By David G. Speck, former city councilor (File photo)
To the editor:
Last month I celebrated my 70th birthday. I have spent my entire life living, working and serving in Alexandria, and I can never fully express how much I care about this community without sounding corny. From that perspective and with some trepidation, I write regarding the decision facing Alexandria voters next week.
I supported former Mayor Kerry Donley in the Democratic primary. He lost, but I respect the process. That’s life — and that’s politics. Vice Mayor Allison Silberberg received more votes than either of her opponents, and the griping that some of her voters may have been Republicans is just that: griping. It was an open primary and she won.
But I am also a big believer in competitive elections, and I abhor elections by default. I wish that the city’s Republican Party had nominated a candidate for mayor or that an Independent candidate had run. Until now, I have neither supported nor opposed Mayor Bill Euille’s write-in effort, but the griping that he has no right to mount such a campaign because lost the primary is just that: griping. He has chosen to run because he believes that his vision and ideas are better than Silberberg’s. Voters now have a choice. That’s good politics.
Some people like to frame election choices as “good versus evil.” This election is anything but that. Two serious, caring public servants with different skills and visions for Alexandria both want your vote. I have decided to support Euille and to write in his name on the ballot, and I encourage others to do the same. Three important considerations led me to this decision.
First and most important is municipal finance. This may seem harsh, but any candidates for public office who focus their campaign on the supposed danger of Alexandria’s current debt, in my opinion, disqualify themselves from serving. Alexandria is not even remotely in fiscal danger because of debt, and when current or aspiring office holders throw out numbers without context, they are either deliberately misstating the facts or woefully uninformed. Arguing about how the city is managed is always going to be part of political debate, but let’s argue about the right things.
What we spend our capital on is fair game, from new schools and parks to fire stations and recreation centers. Those should be questioned because capital projects obligate the taxpayers well into the future, but by any measure — independent bond rating services, comparison to other jurisdictions or the proportionality of debt to the city’s overall finances — Alexandria has been conservative and well-managed.
My second concern is Silberberg’s unwillingness to engage in a general election debate. If she believes that her vision and ideas are the correct ones for the city’s future, then she should not be afraid to present them and defend them in public and under challenge. Silberberg became the Democratic nominee for mayor with 37 percent of the primary voters, or about 3 percent of the city’s population. If she succeeds in the general election, then she would enhance her credibility by going out and earning it.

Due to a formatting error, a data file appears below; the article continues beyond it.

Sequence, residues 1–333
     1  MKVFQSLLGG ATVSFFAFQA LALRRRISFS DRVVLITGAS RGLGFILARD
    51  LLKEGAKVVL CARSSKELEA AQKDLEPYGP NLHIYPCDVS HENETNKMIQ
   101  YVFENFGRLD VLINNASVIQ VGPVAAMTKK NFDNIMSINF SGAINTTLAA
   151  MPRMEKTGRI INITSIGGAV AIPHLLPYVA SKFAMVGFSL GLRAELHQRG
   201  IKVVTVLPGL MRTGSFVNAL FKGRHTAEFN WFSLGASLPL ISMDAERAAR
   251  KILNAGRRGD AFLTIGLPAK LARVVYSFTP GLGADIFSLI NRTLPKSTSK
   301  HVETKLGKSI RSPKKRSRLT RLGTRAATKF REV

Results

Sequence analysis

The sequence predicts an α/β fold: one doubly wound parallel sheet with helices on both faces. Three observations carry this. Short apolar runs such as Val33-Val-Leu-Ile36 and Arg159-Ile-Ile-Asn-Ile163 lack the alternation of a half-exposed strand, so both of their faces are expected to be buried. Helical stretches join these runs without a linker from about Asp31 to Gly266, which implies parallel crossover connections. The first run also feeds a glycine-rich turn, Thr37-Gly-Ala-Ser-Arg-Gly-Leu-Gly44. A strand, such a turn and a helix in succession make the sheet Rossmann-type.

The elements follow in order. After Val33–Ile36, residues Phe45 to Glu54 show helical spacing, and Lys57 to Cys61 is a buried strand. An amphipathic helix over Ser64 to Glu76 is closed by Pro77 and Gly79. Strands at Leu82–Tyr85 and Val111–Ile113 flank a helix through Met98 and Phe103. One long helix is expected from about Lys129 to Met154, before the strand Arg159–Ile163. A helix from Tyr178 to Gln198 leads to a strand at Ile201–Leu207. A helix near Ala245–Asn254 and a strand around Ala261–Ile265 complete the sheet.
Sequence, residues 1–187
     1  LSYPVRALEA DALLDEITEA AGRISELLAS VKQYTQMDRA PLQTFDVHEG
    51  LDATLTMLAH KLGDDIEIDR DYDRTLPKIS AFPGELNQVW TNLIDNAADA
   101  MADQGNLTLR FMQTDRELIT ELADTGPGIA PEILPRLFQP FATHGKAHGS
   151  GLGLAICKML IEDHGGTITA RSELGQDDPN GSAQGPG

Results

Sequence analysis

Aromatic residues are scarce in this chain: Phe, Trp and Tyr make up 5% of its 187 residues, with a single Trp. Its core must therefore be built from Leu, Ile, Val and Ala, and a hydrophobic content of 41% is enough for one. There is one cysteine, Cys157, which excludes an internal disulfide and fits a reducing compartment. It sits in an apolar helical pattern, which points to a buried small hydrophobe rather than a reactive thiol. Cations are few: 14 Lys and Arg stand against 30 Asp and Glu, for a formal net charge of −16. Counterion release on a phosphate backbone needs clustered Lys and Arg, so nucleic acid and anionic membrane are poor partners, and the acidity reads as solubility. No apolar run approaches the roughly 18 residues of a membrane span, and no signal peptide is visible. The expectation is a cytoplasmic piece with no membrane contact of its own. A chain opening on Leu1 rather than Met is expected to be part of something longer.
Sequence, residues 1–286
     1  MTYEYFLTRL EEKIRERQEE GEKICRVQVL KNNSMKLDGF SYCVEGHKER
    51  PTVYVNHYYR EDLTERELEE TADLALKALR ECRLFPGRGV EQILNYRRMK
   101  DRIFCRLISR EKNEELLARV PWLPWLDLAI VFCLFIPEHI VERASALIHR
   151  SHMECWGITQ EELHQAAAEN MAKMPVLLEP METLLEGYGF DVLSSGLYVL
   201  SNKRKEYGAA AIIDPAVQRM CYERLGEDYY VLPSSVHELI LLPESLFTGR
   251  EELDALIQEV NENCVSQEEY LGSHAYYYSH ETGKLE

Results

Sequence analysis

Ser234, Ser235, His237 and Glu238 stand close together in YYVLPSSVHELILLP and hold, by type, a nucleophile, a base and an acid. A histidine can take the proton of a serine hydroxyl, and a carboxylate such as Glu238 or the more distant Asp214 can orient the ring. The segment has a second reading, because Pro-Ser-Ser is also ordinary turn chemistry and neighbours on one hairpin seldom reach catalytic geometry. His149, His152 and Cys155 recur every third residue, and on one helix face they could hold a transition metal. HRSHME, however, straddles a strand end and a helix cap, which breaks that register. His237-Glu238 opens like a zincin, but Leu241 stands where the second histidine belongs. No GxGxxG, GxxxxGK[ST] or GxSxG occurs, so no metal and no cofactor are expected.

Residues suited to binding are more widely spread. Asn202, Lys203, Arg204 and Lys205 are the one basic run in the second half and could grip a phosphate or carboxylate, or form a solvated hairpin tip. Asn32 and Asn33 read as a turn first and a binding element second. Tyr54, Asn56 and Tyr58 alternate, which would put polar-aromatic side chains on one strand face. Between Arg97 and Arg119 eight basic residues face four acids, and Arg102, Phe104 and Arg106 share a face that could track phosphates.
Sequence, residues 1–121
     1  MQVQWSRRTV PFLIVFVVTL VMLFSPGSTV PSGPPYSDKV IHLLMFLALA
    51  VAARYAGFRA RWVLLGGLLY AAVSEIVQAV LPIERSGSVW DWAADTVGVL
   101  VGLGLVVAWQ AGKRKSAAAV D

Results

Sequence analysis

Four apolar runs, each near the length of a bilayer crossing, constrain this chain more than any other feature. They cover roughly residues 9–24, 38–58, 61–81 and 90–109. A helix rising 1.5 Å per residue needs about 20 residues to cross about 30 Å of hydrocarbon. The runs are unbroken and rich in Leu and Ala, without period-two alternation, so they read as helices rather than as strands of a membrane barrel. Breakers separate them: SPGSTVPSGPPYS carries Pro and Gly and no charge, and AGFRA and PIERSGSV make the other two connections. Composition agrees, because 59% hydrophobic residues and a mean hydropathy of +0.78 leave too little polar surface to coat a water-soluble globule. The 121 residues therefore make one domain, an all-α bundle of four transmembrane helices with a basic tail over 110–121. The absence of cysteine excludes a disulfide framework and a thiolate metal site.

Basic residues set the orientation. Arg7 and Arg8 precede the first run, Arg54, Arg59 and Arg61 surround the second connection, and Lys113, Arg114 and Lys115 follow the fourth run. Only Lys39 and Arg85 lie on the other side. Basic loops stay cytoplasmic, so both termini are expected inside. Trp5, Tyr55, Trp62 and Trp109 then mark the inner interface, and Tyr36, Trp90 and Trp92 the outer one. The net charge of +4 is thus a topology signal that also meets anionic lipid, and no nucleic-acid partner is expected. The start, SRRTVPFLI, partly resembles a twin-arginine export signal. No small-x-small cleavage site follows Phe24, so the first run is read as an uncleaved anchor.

Finally, I watched a recent city council meeting where the vice mayor proposed a change in the disclosure requirements for elected officials. Her explanation was confusing, imprecise, lacked consultation with any colleagues, and sounded like a solution in search of a problem. This is an embarrassing, but recurring pattern throughout her time on city council. Being the lone dissenter in 6-1 votes may make you a hero to some people, but you become an outlier to most. This is not leadership. Leadership is persuading others to join you. That has not been Silberberg’s modus operandi on council and is a disturbing signal for the next three years if she is elected.
I know some will agree with my decision and some will not, but this was not an obvious choice. These issues were crucial in my decision to support Euille, with whom I served on city council for a number of years. The city’s progress has not been without some bumps, but there is no question that we are thriving and prospering.
But there are some warning signs about the city’s continued financial sustainability and they are not going to be resolved by wishing for it. While the city has made real progress in recent years, Euille may suffer from so-called voter fatigue after 12 years in office. But if Euille is re-elected next month, here are a couple ways to fix that.
The job of mayor is a part-time public service. It is not a career. Come to meetings on time and stay for the duration. And don’t read speeches written by others: Talk from the heart, and keep it short.
Simply stated, just do your job. That’s all I — and the voters — ask because, on the substantive issues facing Alexandria, you’ve done well. The stakes are too high not to have an experienced, steady hand at the wheel, and that is why I will write in Mayor Bill Euille on November 3.